Giving rise to visualization
Pre-schoolers are often in their own little world, you give your little girl a doll, they start role playing being a mother – they feed the doll, they clothe the doll, they sing to the doll to make it go to sleep. You give your little boy a spider man figurine, then he will design a base, build an enemy and ensure that their superhero wins.
Children make their own story up in their mind, and they love it.
Cricket should be no different, imagination is important. The art of storytelling is important. Children identify with what they know and deem to understand, for example if your child is watching sport with you on the weekend, they identify with players, they identify with opponents, they identify with colours and numbers, they will even identify with the occasion.
When I used to play with my dad as a kid, he would create score cards for us. If he was playing as Australia and I was playing as South Africa, I would always win. If he was playing as South Africa and I was playing with Australia, then I would always lose. The players on the score card would be the current team setting at that time, and then I would try and bowl with the same bowling action as the “player” I was bowling as, and when I was batting as my favourite batsman I would concentrate more because I wanted my “player” to have the top score. It was great.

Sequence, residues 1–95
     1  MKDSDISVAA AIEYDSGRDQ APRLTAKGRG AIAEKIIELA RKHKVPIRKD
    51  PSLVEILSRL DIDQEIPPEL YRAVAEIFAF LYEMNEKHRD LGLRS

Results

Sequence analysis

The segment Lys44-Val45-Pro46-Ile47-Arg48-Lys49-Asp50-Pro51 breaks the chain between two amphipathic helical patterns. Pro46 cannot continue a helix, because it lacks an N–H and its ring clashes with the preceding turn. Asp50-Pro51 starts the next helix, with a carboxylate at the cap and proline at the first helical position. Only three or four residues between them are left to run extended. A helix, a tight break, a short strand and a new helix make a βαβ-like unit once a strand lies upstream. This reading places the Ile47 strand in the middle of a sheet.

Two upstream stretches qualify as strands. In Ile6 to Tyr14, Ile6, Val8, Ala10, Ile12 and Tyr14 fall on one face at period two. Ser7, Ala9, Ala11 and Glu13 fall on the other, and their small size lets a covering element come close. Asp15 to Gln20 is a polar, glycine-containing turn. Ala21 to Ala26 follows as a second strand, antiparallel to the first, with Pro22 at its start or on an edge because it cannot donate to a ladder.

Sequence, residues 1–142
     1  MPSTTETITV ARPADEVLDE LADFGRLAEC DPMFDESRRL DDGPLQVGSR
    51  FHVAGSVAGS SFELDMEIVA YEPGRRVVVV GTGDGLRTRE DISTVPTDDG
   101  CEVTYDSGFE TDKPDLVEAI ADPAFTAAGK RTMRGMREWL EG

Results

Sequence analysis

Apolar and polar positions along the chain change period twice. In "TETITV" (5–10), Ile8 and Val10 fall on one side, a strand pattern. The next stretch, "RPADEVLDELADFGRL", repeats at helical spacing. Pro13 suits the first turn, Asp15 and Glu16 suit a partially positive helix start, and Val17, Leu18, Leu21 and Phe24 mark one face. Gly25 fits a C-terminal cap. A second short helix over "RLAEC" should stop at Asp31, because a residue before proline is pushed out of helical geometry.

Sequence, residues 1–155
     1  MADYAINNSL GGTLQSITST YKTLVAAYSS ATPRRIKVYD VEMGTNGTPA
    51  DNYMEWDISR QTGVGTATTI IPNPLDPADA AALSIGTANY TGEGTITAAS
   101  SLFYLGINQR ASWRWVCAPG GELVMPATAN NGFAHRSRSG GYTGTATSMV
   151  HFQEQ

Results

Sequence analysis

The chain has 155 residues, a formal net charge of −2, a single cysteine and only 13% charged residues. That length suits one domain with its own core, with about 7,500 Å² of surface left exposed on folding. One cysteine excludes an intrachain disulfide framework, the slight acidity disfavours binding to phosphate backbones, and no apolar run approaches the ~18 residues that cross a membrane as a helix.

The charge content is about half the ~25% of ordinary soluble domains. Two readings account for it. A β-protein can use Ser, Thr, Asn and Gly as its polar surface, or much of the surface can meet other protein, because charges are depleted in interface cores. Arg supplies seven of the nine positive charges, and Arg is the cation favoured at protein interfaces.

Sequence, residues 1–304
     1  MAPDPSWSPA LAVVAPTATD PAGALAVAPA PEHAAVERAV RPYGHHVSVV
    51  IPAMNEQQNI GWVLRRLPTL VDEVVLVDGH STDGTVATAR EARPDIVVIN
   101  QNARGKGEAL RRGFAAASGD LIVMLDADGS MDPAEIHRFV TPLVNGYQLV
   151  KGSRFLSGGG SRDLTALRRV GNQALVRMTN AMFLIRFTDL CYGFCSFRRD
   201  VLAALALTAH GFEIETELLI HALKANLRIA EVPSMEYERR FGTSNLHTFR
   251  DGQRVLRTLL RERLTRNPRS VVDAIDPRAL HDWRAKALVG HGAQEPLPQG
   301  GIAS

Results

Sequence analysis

and who can blame a dad for wanting to prime his child in wanting to beat the aussies… 🙂
So when you are playing at home, how can you use imagination for your child’s benefit? Maybe play music in the background, make them wear their favourite player’s shirt, maybe get the whole family to watch and go wild when they hit a great shot. The sky is the limit, you don’t have to be that parent that just stands there and throws the ball boringly, you can make it exciting – and the chances are your child already knows how to lock into imaginary world of a world cup final match or whatever picture you decide to paint.
It is also important to know that professional sportsmen and women use visualisation techniques to enhance their game and increase focus, many gold medal winners or cup holders have practised seeing the result long before it has happened. playing scenarios in your mind actually gives the synapses in the brain the same sensation as actually doing it. Incredible. Visually doing something is actually practicing and learning without the actual practise, make no mistake you need both. but this imagination aspect is the building block that will get utilised later on down the line.